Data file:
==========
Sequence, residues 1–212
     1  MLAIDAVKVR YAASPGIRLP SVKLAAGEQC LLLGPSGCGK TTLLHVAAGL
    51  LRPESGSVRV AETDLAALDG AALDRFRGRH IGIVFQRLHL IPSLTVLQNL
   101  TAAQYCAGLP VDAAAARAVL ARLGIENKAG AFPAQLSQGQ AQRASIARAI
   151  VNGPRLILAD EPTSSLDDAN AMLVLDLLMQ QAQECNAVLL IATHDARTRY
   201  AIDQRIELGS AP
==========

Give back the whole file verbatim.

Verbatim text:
Sequence, residues 1–212
     1  MLAIDAVKVR YAASPGIRLP SVKLAAGEQC LLLGPSGCGK TTLLHVAAGL
    51  LRPESGSVRV AETDLAALDG AALDRFRGRH IGIVFQRLHL IPSLTVLQNL
   101  TAAQYCAGLP VDAAAARAVL ARLGIENKAG AFPAQLSQGQ AQRASIARAI
   151  VNGPRLILAD EPTSSLDDAN AMLVLDLLMQ QAQECNAVLL IATHDARTRY
   201  AIDQRIELGS AP